In Super Tuesday Contest, Massachusetts Jews Appear to Favor Clinton

Income inequality is a top concern, Bernie's Jewishness isn't a deciding factor, and Trump 'appeals to a demographic that’s just very different from most American Jews.'

Emma Goldberg
Emma Goldberg
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Hillary Clinton and Bernie Sanders.
Hillary Clinton and Bernie Sanders.Credit: Bloomberg
Emma Goldberg
Emma Goldberg

As Massachusetts voters prepare to vote in the state’s Super Tuesday presidential primary on March 1, recent polling shows Democratic presidential rivals Bernie Sanders and Hillary Clinton running neck and neck. Community leaders suggest, however, that Jewish voters in the state are likely to favor Clinton.

No poll numbers are available on the political leanings of the state’s 275,000 Jews, who comprise approximately 4.1 percent of the Massachusetts population.

Nancy Kaufman, the chief executive officer of the National Council of Jewish Women and former executive director of the Jewish Community Relations Council of Boston, said she believes the predominant issue figuring in the Jewish vote for the upcoming primaries is income inequality and regulation of the financial services industry. Whether Jews’ characteristic liberalism will tilt them toward the more liberal Sanders is not clear.

Steven M. Cohen, a sociologist whose work focuses on the American Jewish community, said that broadly speaking, younger and more liberal men have backed Sanders while older and more moderate women support Clinton. Demographic studies, including the 2005 Jewish Community Study sponsored by Boston’s Combined Jewish Philanthropies, show Jews are both older and more affluent than the population at large, both characteristics that may point toward greater support for Clinton.

Unlike other local Jewish community surveys, Boston’s does not ask respondents for their political or ideological leanings. However, prominent Jewish figures sense that Jewish voters may favor Clinton in the upcoming primary.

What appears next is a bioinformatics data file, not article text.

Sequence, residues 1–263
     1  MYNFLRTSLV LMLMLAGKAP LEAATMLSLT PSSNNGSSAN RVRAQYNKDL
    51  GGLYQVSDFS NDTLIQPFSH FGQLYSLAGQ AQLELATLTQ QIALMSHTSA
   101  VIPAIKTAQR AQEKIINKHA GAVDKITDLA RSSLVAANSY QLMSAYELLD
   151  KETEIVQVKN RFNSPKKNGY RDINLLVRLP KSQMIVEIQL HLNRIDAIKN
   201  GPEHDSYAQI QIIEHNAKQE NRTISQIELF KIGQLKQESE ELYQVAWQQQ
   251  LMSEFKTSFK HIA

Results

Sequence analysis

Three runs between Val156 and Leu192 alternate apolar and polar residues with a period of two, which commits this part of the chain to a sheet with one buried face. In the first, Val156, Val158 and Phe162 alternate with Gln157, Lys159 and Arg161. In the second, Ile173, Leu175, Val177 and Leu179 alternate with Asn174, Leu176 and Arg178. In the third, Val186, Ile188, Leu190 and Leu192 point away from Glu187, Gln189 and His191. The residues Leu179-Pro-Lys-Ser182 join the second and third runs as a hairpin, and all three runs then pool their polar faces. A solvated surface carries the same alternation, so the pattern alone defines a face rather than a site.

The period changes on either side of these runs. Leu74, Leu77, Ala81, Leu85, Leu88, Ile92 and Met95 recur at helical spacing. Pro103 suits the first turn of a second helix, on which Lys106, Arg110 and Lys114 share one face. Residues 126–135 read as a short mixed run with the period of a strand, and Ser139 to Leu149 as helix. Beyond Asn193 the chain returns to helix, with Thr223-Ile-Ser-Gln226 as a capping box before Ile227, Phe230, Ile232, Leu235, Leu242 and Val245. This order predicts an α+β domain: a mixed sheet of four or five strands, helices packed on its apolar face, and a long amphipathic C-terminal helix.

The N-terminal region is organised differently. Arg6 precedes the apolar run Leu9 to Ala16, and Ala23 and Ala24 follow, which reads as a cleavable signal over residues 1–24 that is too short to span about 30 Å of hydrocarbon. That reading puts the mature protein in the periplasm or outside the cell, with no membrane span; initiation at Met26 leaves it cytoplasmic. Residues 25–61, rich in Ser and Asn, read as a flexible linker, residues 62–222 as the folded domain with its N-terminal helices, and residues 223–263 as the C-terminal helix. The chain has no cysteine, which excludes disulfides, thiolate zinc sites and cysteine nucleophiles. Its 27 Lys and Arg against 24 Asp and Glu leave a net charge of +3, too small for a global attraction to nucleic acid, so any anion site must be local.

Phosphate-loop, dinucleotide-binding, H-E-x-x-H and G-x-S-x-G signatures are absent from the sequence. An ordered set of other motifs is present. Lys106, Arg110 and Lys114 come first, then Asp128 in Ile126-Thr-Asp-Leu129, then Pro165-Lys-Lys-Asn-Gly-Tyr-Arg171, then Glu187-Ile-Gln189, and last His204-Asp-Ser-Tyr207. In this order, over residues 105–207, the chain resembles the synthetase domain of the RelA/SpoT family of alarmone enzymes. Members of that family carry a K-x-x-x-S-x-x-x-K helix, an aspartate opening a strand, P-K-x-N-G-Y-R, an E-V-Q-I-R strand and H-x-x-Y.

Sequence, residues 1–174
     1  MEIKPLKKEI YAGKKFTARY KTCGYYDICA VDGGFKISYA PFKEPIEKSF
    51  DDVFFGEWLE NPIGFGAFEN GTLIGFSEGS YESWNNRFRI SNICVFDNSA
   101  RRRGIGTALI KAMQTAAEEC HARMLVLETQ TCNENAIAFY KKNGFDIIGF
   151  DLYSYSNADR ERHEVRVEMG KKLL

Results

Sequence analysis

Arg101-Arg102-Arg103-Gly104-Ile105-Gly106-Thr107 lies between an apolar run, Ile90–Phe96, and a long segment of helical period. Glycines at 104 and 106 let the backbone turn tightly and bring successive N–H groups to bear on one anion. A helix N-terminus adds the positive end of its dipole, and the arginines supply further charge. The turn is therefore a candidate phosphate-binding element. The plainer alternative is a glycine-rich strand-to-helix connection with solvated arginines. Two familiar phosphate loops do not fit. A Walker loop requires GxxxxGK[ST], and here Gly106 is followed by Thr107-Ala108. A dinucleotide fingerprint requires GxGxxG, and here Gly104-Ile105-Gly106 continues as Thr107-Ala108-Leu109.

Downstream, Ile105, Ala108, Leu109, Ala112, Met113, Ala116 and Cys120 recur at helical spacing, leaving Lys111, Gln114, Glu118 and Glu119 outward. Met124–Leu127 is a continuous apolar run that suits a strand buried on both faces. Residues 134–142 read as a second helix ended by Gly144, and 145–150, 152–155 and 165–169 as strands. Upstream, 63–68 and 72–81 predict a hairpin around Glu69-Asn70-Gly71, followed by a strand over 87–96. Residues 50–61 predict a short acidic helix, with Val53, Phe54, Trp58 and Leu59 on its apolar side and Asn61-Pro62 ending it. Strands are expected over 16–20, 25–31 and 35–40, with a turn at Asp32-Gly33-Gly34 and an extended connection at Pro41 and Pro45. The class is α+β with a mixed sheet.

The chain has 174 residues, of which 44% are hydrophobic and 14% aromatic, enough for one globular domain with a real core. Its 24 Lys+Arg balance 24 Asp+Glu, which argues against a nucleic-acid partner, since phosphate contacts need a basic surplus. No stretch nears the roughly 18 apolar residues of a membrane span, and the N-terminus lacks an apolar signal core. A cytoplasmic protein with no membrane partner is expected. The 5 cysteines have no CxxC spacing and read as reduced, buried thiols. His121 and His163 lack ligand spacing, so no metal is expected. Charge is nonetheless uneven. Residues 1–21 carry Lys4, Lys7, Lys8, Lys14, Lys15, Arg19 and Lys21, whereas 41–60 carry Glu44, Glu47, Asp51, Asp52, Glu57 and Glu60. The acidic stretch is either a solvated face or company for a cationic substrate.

“Most of the people I speak to seem to be leaning toward Hillary in the primary,” said Barry Shrage, president of the Combined Jewish Philanthropies of Greater Boston.

Though Israel hasn’t figured significantly in the campaign, Cohen said, pro-Israel Jewish voters may tend toward Clinton given her more hawkish and conventionally pro-Israeli government stance. Clinton might also gain from her massive victory over Sanders in Saturday’s South Carolina primaries.

Political scientist L. Sandy Maisel of Colby College in nearby Maine, author of the 2003 “Jews in American Politics,” said that nationally he thinks Jews will favor Clinton. He said Sanders’s Judaism has not been a significant factor for Jewish voters.

“In an interesting way his Judaism is almost irrelevant to his candidacy,” Maisel said. “I think it would be different if Senator Sanders were a more open Jew, someone like Joe Lieberman.”

Jewish activists frequently fault Sanders for not emphasizing his Jewish identity on the campaign trail. Critics point to his habitually describing himself as a “son of a Polish immigrant” rather than “a Jewish immigrant.” Valerie Lieber, writing in the Forward, argued, “So far, Sanders has downplayed his Jewish heritage almost to the point of renunciation.”

On several occasions, however, Sanders has assertively highlighted his Jewish background, especially in explaining the roots of his civic engagement.

During a town hall meeting with students at George Mason University in Virginia on October 28, 2015, he was asked by a Muslim student about his response to discrimination against Muslims, and began his response by saying, “Let me be very personal here if I might. I’m Jewish. My father’s family died in concentration camps. I will do everything that I can to rid this country of the ugly stain of racism, which has existed for far too many years.”

Boston’s Jewish community also includes a sizeable proportion of Orthodox Jews and Russian immigrants, both of whom tend to lean right. Indeed, Boston is the birthplace of several particularly outspoken conservative Jewish organizations, such as the Committee for Accuracy in Middle East Reporting in America (CAMERA) and the David Project, which trains college students to be pro-Israel advocates.

However, nationwide Jewish support for Republican candidates has remained consistently low – between Bill Clinton’s election in 1992 and Barack Obama’s 2012 election, GOP candidates captured between 15 and 30 percent of Jewish votes.

According to Cohen, conservatives have long waited for Jews to shift toward the political right given the Jewish community’s affluence, but Jewish voters have shown no sign of tilting toward the GOP in the upcoming election. Cohen sees Donald Trump, in particular, as perhaps the least appealing candidate to Jewish voters.

“Trump appeals to a demographic that’s just very different from most American Jews,” Cohen said. He noted that Trump’s supporters are typically of lower education backgrounds than American Jewish voters.

It’s certain that after his loss in the Nevada caucuses and Clinton’s landslide victory in South Carolina, Sanders badly needs a win if he is to regain his momentum. If he can’t get it in Massachusetts, famously liberal and next door to his home state of Vermont, it’s not clear where he can recover.

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